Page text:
So safe to say, 2017 I'll be taking a lot lighter. I'll only be concentrating on the historical fiction challenge again; I think I set myself about the prehistoric level at 25 books. I vaguely set myself a personal challenge to concentrate on books set in American history (as I don't tend to read that as much) and historical fantasy, a personal subgenre favorite of mine. But you know what? I'm just going to count every historical fiction book I read this year towards the overall goal and just use those personal challenges aspect for myself as vague guidelines and not an absolute challenge.

I plan on starting a second job this year so my time will be even more limited than in previous years. So the overall total I set for myself on GR of 50 will be hard enough. The prehistoric level of 25 for the historical fiction calendar will also be more of a challenge. Will have to see as the year plays out what happens and how successful I am with the historical fiction challenge and the overall book total on Goodreads this year.

So there you go, a little analysis on how not well I did on reading challenges for 2016 and maybe a glimmer of hope for 2017, depending on how much time Sarah actually has to read. We’ll see where my sanity lies in December. XD

Sunday, January 8, 2017

REVIEW: The Mark of the King by Jocelyn Green

The Mark of the King 
by Jocelyn Green

Publisher: Bethany House
Page Count: 416
Release Date: January 3, 2017
Format: ARC Paperback

How got: ARC gotten via giveaway

First attention getter: setting


From GoodReads:

Sweeping Historical Fiction Set at the Edge of the Continent 

After being imprisoned and branded for the death of her client, twenty-five-year-old midwife Julianne Chevalier trades her life sentence for exile to the fledgling 1720's French colony of Louisiana, where she hopes to be reunited with her brother, serving there as a soldier. To make the journey, though, women must be married, and Julianne is forced to wed a fellow convict. 

When they arrive in New Orleans, there is no news of Benjamin, Julianne's brother, and searching for answers proves dangerous. What is behind the mystery, and does military officer Marc-Paul Girard know more than he is letting on? 

With her dreams of a new life shattered, Julianne must find her way in this dangerous, rugged land, despite never being able to escape the king's mark on her shoulder that brands her a criminal beyond redemption.

My Thoughts:

Star Rating - 4

While more Christian-laden than expected, I still found that I enjoyed this work for its setting originality and engrossing story. The author explores a setting not often seen in historical fiction, making it live with vivid characters and a strong story. This is a book that will suck you in.

I’ve read works set in colonial New Orleans before, Christian ones in fact. Yet, I've never come across anything this early into the development of the colony. Seeing the harsh conditions and trials faced by the early colonists made for a gritty story. The author does a fantastic job in bringing this harsh world to life, giving our characters a horrifying backdrop to tell their story. Disease, famine, swamps, alligators, and betrayal all show their ugly faces.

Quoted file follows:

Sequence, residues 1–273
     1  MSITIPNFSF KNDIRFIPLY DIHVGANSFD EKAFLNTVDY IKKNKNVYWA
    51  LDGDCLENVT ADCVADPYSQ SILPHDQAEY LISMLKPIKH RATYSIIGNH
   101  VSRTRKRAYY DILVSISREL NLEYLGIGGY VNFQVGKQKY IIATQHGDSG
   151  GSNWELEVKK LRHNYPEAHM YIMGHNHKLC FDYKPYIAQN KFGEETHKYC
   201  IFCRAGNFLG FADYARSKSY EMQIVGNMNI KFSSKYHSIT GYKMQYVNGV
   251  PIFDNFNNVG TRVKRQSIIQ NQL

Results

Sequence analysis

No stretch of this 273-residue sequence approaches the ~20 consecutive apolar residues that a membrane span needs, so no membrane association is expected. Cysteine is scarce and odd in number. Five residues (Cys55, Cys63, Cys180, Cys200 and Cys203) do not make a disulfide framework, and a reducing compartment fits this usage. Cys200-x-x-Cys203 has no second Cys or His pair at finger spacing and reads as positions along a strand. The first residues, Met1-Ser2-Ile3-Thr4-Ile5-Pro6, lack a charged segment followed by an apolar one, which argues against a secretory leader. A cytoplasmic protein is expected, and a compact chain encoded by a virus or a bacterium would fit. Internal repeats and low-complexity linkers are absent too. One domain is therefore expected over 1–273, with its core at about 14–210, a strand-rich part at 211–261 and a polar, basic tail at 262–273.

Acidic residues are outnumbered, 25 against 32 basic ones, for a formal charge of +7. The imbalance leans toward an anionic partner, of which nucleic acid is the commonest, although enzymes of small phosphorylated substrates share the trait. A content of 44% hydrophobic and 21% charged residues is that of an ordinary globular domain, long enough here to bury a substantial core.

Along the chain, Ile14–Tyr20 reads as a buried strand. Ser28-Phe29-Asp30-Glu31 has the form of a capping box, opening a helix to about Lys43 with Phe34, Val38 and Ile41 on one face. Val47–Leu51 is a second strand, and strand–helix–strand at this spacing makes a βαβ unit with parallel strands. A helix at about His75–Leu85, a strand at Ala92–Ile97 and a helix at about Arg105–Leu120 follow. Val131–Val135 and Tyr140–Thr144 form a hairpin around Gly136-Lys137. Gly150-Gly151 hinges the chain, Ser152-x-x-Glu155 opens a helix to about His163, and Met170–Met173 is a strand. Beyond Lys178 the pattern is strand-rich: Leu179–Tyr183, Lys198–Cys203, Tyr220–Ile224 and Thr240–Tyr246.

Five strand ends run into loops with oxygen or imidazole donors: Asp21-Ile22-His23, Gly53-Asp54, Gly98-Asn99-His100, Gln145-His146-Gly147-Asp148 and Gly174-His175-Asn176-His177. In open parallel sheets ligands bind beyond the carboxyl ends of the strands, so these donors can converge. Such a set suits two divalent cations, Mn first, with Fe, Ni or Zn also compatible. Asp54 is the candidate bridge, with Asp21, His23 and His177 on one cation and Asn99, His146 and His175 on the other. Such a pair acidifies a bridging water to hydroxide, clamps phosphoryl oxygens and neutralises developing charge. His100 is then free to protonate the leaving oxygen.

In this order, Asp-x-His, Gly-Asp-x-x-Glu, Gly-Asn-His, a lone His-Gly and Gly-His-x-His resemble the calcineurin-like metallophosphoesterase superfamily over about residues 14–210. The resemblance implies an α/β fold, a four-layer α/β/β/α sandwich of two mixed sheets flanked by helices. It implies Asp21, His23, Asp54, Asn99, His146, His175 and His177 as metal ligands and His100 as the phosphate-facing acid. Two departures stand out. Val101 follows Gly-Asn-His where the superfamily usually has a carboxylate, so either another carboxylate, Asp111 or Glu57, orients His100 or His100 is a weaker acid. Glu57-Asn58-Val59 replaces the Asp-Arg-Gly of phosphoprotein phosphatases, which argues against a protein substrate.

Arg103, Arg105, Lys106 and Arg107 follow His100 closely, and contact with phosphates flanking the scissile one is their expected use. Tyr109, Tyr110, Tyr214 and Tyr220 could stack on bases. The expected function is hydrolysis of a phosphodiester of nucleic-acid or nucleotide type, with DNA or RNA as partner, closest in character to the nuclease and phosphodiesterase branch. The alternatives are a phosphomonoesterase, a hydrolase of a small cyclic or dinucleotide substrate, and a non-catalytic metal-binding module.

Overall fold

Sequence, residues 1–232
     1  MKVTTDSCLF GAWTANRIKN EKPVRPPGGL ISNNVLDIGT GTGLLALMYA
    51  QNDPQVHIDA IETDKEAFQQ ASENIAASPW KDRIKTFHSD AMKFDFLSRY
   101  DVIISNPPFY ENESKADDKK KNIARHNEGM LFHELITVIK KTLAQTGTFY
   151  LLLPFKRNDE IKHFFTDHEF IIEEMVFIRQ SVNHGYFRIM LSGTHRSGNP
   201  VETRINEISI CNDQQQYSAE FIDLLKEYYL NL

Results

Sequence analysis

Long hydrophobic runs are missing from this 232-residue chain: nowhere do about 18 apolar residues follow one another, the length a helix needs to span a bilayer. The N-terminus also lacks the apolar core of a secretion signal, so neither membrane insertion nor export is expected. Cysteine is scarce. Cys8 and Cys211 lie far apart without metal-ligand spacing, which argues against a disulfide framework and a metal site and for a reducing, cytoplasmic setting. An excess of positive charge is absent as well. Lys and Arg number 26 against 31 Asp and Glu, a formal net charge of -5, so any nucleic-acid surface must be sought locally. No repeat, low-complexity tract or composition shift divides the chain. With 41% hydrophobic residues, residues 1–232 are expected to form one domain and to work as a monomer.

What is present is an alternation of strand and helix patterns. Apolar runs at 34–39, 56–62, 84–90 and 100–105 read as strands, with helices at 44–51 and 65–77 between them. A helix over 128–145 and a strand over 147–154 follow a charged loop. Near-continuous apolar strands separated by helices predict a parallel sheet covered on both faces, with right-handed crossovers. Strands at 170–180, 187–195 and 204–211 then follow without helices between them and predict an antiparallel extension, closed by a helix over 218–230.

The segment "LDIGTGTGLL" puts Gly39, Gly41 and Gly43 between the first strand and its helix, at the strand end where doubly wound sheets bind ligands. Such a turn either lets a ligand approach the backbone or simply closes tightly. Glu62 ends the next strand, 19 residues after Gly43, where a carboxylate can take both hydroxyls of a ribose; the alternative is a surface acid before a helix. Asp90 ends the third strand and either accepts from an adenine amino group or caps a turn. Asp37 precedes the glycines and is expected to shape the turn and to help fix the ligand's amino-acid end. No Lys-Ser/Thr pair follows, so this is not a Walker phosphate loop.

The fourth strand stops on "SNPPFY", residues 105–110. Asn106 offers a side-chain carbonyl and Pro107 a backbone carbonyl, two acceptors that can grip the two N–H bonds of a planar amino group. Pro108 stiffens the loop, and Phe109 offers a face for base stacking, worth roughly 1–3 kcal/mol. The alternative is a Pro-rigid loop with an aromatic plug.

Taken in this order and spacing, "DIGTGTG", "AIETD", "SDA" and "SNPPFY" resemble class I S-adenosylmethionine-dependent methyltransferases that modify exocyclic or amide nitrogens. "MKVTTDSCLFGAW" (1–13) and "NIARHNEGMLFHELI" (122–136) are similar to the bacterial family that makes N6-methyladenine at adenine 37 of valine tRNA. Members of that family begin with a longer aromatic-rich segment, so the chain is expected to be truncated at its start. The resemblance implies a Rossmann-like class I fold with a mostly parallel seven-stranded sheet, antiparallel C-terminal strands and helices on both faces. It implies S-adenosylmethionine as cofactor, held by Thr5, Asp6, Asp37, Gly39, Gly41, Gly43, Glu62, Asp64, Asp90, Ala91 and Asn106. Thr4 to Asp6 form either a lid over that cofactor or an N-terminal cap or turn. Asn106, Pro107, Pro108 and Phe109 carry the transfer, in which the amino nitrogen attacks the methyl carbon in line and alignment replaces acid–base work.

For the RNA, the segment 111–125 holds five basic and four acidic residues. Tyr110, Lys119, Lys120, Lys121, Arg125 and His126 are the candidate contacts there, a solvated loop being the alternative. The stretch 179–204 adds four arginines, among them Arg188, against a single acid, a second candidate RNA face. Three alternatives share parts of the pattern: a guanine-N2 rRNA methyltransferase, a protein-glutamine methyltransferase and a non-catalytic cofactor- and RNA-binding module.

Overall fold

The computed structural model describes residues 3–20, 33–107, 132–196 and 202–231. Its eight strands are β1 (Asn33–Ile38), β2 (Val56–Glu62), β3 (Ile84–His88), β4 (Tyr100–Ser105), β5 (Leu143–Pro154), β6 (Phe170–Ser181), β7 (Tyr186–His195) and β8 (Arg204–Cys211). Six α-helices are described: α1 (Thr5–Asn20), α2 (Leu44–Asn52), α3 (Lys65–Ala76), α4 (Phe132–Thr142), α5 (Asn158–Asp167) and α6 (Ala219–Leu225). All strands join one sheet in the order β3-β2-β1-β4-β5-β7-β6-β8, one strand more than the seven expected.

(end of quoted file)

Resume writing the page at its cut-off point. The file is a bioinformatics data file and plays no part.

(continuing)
I grew to appreciate Julianne and Marc-Paul as individuals; both are faced with possible scenarios that require grit and courage to overcome. I found myself especially drawn into Julianne’s story as it just goes to prove that being a woman in past eras was rarely a good thing. She has injustice after injustice heaped upon her; yet, she faces each challenge with courage and a calm dignity that I grew to admire. Marc-Paul was also as lovely. I admired his loyalty and his unwavering faith in her and God in a society that seems to discredit such. Both together are pure magic!

The one area of this book that fell down, for me personally anyway, was how heavy-handed the Christian elements could be used at times. Now, I know this is a Christian work, elements such as those are to be expected. However, there were a few times where I felt like I was being preached to; the Christian elements and themes weren't interwoven with the narrative and overall story as well as it could have been in some places. However, to another reader, especially a Christian one, this particular aspect of the book probably won't be as glaring. So take this part of the review with a grain of salt.

Despite the overarching Christian tones at times, I found this book to be an engrossing look at early colonial New Orleans and the harsh time its inhabitants had trying to settle such an inhospitable place. Marc-Paul and Julianne's journey made for engrossing reading; their evident chemistry was beautiful to behold against such harshness. I would definitely recommend this book to Christian readers, an audience that probably won't mind the overly Christian elements. Even non-Christian readers though, like myself, will find something to enjoy in this book, if only for our leads and their suspenseful story.

Note: Book received for free from the publisher via a Librarything giveaway in exchange for an honest review.